Figure 2: Depth Ground Truth. Each row depicts a different sample. From left to right: (a) RGB, (b) raw-depth, (c) GT-depth. In column (b), note how artifacts in the out-of-range regions may appear very close (purple) or very far (yellow). On column (c), we demonstrate how depth-filtering removes artifacts and multi-view fusion adds missing information, and how projecting the pre-defined workspace boundaries onto the depth frames eliminates irrelevant information. On the bottom row column (c), the GT depth has a small inner hole of less than of the image area.

2.2.1 Depth Filtering

Each depth frame was processed individually to remove artifacts, while retaining as much valid information as possible. In addition to providing ”raw-depth” and ”gt-depth” (ground truth), our dataset includes an intermediate result denoted as ”cleaned-depth”. The pipeline is depicted in Algo. 1 and consists of the following steps:

  1. Workspace limits - we project the workspace boundaries onto the raw depth and remove all values outside its perimeter. Tall objects positioned near the outer rim may get trimmed because their top protrudes the visual borderline. Hence, we enlarge the actual workspace by a certain margin when applying this step.

  2. Morphological operations - looking at the binary mask of the depth values, the objects and tabletop typically form one large blob and false artifacts form separate small blobs. As the main blob may touch artifact blobs, we perform thinning and opening to separate them. We then threshold the blob area to filter out small blobs.

  3. Outlier removal - the depth image is first partitioned into a coarse grid and the median depth value is then calculated for each cell. We define a range limit, and depth values exceeding the allowable range from the cell’s median are removed. The reasonable range of depth values within a grid cell depends on grid parameters, POV elevation angle, and object height from the table. We used a fixed range threshold, chosen to accommodate the largest possible range within the data.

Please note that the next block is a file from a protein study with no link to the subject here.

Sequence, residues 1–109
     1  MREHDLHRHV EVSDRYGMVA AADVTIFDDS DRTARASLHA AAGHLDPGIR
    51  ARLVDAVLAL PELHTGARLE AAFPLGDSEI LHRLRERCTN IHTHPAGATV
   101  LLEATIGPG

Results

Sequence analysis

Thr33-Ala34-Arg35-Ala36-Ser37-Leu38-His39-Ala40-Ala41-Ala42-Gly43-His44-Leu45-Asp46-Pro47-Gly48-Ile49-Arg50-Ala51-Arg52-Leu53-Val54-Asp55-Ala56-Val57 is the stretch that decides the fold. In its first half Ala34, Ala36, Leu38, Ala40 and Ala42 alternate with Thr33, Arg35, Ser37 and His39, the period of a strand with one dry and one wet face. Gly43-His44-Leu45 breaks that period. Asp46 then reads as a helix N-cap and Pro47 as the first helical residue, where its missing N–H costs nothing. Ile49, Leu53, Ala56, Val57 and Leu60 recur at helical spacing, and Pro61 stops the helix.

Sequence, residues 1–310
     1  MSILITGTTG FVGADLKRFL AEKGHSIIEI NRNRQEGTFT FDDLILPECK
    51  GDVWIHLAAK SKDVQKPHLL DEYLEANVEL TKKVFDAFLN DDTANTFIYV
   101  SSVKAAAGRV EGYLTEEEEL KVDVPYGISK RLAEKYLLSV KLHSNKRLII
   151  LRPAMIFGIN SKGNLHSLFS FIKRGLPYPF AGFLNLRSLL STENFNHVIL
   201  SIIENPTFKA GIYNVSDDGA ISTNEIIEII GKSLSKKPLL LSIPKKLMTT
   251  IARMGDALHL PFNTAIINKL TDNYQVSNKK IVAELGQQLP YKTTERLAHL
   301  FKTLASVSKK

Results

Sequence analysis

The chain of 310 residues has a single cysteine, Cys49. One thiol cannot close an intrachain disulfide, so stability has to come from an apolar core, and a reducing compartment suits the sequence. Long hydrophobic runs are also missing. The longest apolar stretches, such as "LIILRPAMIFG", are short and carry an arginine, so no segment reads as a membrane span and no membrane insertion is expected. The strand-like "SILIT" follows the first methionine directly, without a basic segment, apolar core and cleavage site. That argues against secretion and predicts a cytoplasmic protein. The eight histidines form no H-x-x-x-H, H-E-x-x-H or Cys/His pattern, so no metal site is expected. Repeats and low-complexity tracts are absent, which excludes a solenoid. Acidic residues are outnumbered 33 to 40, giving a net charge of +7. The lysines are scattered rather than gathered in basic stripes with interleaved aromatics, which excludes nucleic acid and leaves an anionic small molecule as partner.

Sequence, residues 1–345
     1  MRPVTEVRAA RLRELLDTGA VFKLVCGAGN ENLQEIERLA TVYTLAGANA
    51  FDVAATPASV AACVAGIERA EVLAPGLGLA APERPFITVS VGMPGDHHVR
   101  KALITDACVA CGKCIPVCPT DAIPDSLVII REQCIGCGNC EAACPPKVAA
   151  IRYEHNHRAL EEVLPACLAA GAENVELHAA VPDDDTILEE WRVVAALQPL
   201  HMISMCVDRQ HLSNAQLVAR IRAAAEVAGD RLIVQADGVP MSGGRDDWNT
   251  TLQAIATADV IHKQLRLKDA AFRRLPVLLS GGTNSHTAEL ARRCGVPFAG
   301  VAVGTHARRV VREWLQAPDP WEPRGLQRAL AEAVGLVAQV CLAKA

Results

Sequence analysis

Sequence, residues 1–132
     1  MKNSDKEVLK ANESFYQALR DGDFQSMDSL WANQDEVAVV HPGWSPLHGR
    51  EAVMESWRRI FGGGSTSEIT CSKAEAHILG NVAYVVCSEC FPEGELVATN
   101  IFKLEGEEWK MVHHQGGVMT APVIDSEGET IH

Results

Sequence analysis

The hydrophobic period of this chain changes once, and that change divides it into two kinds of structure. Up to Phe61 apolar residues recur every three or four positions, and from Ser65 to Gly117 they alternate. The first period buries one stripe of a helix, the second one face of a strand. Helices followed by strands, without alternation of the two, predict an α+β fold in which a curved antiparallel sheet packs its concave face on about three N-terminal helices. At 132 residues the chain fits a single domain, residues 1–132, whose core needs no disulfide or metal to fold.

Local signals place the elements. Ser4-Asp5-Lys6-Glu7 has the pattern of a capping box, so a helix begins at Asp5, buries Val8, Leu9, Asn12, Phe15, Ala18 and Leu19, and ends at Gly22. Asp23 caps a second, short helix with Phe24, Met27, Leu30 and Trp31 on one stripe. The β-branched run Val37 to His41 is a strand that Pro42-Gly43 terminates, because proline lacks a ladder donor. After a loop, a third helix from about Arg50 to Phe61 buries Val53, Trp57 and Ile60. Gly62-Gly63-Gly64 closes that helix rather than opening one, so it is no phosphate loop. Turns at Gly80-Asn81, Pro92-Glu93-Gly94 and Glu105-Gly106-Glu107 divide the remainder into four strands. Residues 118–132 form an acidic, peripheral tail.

Input: N; ; ; ; ; ;
1 for  do
      // Workspace limits
2     
3      initialize
4     
      // Morphological operations
5     
6      apply thinning and binary-open on
7      apply bwlabel on
8      initialize
9      for  do
10           if  then
11               
12               
13               
                // Outlier removal
14                for  do
15                    
16                    
17                    
18                    
19                    
return , cleaned depth maps of scene
Algorithm 1 Depth Filtering
Input: ; , cleaned depth maps of scene; , homogeneous transform matrices ; , upper limit on transform distances; , minimal cluster size threshold
1 initialize with N nodes, and no edges
2 for  do
3     
4     
      // Create edges
5      for  do
6          
7           for  do
8               
9               
10               
11               
12               
13                if  then
14                    
15                    
16                    
                     // Bundle adjustment
17                     apply global optimization on
                     // TSDF-Volume integration
18                    
19                    
20                     for  do
21                          if  then
22                              
23                              
24                              
return , 3D model of scene surface
Algorithm 2 Multi-View Fusion

2.2.2 Multi-View Fusion

After pre-processing the depth channels, we fused the RGBD frames using the ”multiway registration” procedure from [27]. For convenience, we outline the steps in Algo. 2. The RGBD frames are organized as a pose-graph, where each pose node corresponds to a POV pose and the robot kinematics are used to initialize it. Each edge of the pose-graph, i.e. relative transform between a pair of POVs, is refined with an extension of Iterative-Closest-Point [1]. This stage is prone to errors. While the authors in [27] recommend pruning edges with low confidence scores, we found this to be insufficient. We, therefore, replaced replaced the exclusion criteria with a limit on the acceptable ICP update, and prune out transforms deviating beyond a certain distance from the nominal kinematic transforms. The pose-graph then undergoes global-optimization with the Levenberg-Marquardt algorithm to resolve conflicting relative-transforms (edges). The final pose-graph is used to cast the RGBDs into a shared Point-Cloud (PCD). The PCD is then triangulated to generate a mesh, using [5]. To remove the remaining artifacts, we applied clustering to the mesh vertices and removed small clusters.

2.2.3 Back Projection and Hole Filling